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The Daily Tar Heel

Wednesdays at Carrboro Farmers’ Market open for summer

Jamie Murray, owner of Sunset Farms in Snow Camp, weighs potatoes at the Carrboro Farmers’ Market, which is funded by donations.

Jamie Murray, owner of Sunset Farms in Snow Camp, weighs potatoes at the Carrboro Farmers’ Market, which is funded by donations.

“Summer is definitely the biggest time of the year,” Assistant Manager Margaret Krome-Lukens said.

Market Manager Erin Jobe said farmers make the majority of their income during the peak season, which is from April until October. During that time, the market is open from 7 a.m. until noon on Saturdays.

Krome-Lukens said the Wednesday market, which is only available during the peak season, will start on April 8 and last from 3 to 6 p.m.

To celebrate the beginning of the Wednesday market, there will be food trucks from 6 p.m. to 8:30 p.m. on April 8, and the market will offer live music and beer sales.

During the peak summer season, vendors will provide more choices of vegetables, fruits and crops than during the winter season, Jobe said.

Krome-Lukens said although a larger variety of food is available in the summer, different seasons grow different vegetables and crops.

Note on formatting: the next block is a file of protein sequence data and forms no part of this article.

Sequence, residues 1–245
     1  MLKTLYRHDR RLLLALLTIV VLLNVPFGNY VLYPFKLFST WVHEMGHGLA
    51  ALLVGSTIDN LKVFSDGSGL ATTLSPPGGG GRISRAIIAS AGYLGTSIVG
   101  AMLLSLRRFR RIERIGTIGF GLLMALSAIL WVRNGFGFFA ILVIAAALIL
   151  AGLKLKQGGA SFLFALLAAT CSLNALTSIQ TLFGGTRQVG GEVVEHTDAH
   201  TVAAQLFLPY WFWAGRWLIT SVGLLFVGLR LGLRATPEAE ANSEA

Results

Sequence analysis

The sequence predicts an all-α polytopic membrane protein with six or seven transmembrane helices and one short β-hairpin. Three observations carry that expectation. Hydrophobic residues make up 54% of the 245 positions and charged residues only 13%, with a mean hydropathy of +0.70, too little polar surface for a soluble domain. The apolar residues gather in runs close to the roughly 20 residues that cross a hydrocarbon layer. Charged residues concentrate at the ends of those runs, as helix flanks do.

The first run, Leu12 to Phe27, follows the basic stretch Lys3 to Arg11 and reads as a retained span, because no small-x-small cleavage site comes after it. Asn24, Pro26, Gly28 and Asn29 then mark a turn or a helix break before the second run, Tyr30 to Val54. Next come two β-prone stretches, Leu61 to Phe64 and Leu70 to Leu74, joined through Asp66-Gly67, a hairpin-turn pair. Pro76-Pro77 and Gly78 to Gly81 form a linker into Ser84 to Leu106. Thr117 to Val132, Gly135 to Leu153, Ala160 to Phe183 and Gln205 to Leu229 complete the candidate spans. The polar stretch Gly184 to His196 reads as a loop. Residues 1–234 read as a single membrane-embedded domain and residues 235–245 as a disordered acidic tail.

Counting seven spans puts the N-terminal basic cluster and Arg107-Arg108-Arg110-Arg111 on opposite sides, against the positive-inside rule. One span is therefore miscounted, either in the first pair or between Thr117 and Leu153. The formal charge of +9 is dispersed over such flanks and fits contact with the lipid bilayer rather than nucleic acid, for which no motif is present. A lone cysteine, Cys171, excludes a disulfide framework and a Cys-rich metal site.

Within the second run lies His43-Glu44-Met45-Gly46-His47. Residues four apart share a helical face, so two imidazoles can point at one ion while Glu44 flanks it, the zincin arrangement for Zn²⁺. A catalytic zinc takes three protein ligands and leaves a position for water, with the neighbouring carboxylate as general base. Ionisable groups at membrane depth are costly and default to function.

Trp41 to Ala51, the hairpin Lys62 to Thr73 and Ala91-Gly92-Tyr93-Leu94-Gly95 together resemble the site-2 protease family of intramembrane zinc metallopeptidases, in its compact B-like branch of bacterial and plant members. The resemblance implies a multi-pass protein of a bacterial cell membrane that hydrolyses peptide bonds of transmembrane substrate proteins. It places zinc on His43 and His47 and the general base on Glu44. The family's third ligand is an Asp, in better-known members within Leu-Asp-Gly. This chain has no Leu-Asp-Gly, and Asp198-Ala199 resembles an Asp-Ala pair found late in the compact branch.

“There is no single time of the year when you can get every single thing that grows in Carolina,” she said.

As the market did in previous years, it is planning various events in April for residents and students, Jobe said.

“The younger generation — those are future loyal shoppers,” Jobe said. “We wanted to do something to specifically recognize our student population in the area.”

The market will provide dorm-friendly recipe samplings for students on April 11, which is Student Appreciation Day.

Without full kitchens in the dorms, students are discouraged from shopping at farmers’ markets, Krome-Lukens said.

“That’s why we are doing this — to really show folks that you can shop at the market as well as live in the dorms,” she said.

Blaine Milton, a UNC student, said although she doesn’t go to the Carrboro Farmers’ Market because she doesn’t have a car, she used to go to the farmers’ market in her hometown with her friends.

“I think it’s important to get to know who your neighbors are,” she said. “It’s a really good community relations activity because everyone can get to know what’s going on and interacting. You can spread news that way.”

Jobe said the market holds annual summer events because she wants to showcase what their vendors have and educate people about using unpopular ingredients.

The events are also meeting the needs of the residents — they are family-friendly and provide free samples.

Jobe said the Carrboro Farmers’ Market is important for the community because it supports local farmers and provides fresh local food for residents.

“It has a huge economic impact on the local community,” she said.

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